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Condition. Shingles (Herpes Zoster)

By Editorial Team (2)
January 31, 2022

What are herpes shingles?

Shingles, or herpes zoster, is a viral infection that causes a blistering, painful rash. Shingles can occur anywhere on the body, but they most often develop on one side of the chest or torso. A virus called varicella-zoster is responsible for one of the causes of shingles. This is the same virus that is responsible for chickenpox.

Once a person has been ill with chickenpox, varicella-zoster stays dormant or inactive in the body’s nerve tissues. Later in life, the virus can reactivate, causing shingles lesions to appear.

Shingles is not a life-threatening illness, but it can be extremely painful. There is a vaccine available to help reduce your risk of developing the condition. Getting treatment early can help shorten an episode of shingles and decrease your risk of associated complications.

Herpes Zoster causes

Varicella-zoster is the same virus responsible for chickenpox and herpes zoster causes. Any individual who has had chickenpox can eventually develop shingles. After a person has had chickenpox, the varicella-zoster remains in the body, inactive in the tissues of the nervous system.

If the virus reactivates, it travels along the pathways of the nerves to the skin, and the shingles rash erupts. Doctors are not sure why some people develop shingles. Some of the herpes zoster causes may be lowered resistance to infection as we age.

Herpes zoster develops more frequently in the elderly and those with weakened immunity. Varicella-zoster belongs to the family of viruses known as herpes. These viruses are also responsible for causing genital herpes and cold sores. The virus that causes herpes zoster and chickenpox is not the same as the one responsible for genital ulcers and cold sores, even though shingles are also called herpes zoster.

Are shingles contagious?

When a person has shingles, they can infect others who have not had chickenpox with the varicella-zoster virus. This will cause chickenpox, not shingles, in the person who has been exposed. This usually only occurs through close contact with the shingles lesions.

However, chickenpox might be dangerous in some people, so if you have shingles, you should avoid physical contact with others until the lesions form scabs and you are no longer contagious. Chickenpox is especially dangerous in:

  • Pregnant women
  • Newborns
  • People who have a weakened immune system

Shingles risks

Any individual who has had chickenpox can develop an outbreak of shingles. Currently, most people living in the United States now adults had chickenpox as children. However, this was before the development and routine use of the chickenpox vaccine. Other causes of shingles may include specific factors that may increase your shingles risks, this includes the following:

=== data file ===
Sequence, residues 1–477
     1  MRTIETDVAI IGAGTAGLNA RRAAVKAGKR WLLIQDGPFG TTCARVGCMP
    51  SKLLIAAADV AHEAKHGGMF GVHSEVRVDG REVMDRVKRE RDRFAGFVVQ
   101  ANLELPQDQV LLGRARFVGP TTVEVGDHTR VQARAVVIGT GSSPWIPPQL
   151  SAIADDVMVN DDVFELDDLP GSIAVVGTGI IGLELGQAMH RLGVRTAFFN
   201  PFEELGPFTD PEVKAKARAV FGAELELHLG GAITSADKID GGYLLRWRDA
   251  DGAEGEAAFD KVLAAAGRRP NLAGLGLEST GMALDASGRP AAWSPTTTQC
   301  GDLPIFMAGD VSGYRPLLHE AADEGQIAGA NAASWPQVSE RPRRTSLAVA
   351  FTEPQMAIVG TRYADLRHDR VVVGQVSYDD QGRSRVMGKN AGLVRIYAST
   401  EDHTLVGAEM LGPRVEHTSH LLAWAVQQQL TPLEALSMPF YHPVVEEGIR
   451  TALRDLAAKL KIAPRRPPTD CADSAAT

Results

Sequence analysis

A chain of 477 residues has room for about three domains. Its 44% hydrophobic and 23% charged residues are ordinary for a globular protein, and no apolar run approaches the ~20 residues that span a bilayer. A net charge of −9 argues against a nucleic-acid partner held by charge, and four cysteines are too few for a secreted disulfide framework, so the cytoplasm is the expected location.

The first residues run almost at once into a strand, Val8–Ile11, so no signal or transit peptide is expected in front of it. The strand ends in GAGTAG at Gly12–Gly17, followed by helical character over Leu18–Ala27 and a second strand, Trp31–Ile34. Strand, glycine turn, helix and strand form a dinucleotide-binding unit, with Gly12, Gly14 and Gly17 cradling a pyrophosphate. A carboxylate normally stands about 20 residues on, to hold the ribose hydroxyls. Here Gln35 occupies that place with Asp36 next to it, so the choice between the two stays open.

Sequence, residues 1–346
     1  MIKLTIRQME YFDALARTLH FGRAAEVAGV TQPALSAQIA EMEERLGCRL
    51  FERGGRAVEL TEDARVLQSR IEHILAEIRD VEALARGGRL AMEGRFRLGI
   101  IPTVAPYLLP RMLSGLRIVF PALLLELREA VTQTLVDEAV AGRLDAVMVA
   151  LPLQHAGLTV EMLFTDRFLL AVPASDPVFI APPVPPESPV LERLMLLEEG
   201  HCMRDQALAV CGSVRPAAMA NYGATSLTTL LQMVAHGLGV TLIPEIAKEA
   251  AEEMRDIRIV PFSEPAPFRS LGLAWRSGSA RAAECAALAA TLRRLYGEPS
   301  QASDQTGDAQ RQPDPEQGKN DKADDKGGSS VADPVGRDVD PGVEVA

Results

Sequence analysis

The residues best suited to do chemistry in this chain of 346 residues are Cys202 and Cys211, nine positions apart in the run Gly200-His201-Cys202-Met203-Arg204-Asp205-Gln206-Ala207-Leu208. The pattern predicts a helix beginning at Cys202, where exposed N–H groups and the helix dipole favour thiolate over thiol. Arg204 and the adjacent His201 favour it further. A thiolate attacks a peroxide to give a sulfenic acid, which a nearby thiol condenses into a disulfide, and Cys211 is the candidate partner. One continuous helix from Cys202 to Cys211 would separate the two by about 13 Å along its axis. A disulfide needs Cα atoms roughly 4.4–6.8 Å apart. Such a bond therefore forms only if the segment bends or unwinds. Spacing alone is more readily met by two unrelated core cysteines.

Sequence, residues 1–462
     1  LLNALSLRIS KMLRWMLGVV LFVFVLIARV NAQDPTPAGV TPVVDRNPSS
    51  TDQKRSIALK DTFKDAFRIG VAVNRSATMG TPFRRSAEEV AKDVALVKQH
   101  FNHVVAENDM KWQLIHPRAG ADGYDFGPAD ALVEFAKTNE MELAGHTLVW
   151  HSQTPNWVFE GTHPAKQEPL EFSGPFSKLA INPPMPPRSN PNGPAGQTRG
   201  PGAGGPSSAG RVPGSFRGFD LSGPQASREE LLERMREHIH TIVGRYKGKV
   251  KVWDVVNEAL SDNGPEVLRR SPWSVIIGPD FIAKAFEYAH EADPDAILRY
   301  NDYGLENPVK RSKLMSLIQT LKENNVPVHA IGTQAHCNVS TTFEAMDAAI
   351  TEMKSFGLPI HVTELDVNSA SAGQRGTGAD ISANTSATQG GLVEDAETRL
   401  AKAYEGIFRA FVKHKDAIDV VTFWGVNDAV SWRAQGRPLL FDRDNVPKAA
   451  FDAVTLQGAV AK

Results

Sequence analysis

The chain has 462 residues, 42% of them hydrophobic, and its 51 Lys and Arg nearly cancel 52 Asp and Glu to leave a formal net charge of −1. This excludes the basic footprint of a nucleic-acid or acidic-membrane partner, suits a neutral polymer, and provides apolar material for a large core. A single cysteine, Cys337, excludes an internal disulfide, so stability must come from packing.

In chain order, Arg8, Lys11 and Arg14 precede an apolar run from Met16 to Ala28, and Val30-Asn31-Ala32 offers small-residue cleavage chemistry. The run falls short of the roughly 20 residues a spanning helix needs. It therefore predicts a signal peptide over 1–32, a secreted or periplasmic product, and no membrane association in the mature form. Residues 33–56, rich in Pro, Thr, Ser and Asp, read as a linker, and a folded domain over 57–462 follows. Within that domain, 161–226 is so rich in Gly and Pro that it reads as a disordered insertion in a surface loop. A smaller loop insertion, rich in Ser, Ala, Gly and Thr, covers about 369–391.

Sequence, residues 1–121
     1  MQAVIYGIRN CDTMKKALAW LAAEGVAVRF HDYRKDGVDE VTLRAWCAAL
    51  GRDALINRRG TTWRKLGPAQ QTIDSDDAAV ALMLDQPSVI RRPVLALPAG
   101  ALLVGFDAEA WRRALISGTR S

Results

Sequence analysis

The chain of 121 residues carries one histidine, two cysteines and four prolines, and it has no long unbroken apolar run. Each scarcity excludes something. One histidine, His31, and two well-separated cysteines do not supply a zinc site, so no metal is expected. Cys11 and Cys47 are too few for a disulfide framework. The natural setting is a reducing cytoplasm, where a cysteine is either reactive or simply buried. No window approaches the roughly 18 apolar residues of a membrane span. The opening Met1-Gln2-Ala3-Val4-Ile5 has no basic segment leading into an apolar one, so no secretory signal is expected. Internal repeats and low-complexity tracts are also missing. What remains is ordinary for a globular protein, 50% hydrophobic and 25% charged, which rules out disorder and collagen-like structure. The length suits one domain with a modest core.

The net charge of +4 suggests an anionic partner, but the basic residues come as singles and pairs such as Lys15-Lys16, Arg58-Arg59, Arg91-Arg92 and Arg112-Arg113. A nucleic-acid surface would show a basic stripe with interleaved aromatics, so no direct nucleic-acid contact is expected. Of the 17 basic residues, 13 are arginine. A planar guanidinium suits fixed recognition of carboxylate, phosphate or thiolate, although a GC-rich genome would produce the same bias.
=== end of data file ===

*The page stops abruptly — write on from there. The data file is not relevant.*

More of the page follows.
• Age: If you are over the age of 50, you are at increased risk for shingles
  • Other medical conditions: If you have other diseases, like HIV that impair your immune system, you may be at increased risk for shingles
  • Medical treatments: If you are receiving treatments like chemotherapy, you may be more at risk for an outbreak of shingles
  • Medications: If you take steroid medications, you may be at increased risk of shingles development


Shingles are widespread in the United States. Almost one-third of the population will develop the condition at some time in their lifetime. Approximately one million cases of shingles occur each year in the U.S. The causes of shingles are extremely prevalent in persons who have had chickenpox, including children, but the risk of the disease increases with age. Approximately 50% of cases occur in people who are at least 60 years old. You are at increased risk of developing shingles if you:

  • Take immunosuppressive medications such as corticosteroids. These drugs are given for conditions like some types of arthritis, lupus and after an organ transplantation
  • Have a medical condition that impairs your body’s immune system. These are conditions like HIV and certain types of cancer such as lymphoma and leukemia

Most of the time, people who get shingles only have one episode of the illness, but it can occur twice or even three times throughout a person’s life.


An episode of shingles usually resolves over a few weeks, but shingles can result in lasting and sometimes severe complications. These may include:

  • Infection: If the blisters from the shingles rash do not heal, they may become infected.
  • Postherpetic neuralgia: This is a condition characterized by the severe pain of shingles continuing after the rash has resolved. It develops when the nerves have been damaged, and the pain sensation becomes exaggerated.
  • Neurological dysfunction: Shingles may lead to brain inflammation (encephalitis), balance or hearing difficulty, or paralysis of a portion of the face. The dysfunction symptoms depend on which nerves the shingles virus is affected.
  • Vision loss: When shingles develop around or in the eye, it can lead to eye infections, resulting in loss of vision.

Shingles are a result of the very same virus that causes chickenpox. While it is contagious to adults who have not had chickenpox virus and could affect them with chickenpox and not shingles.

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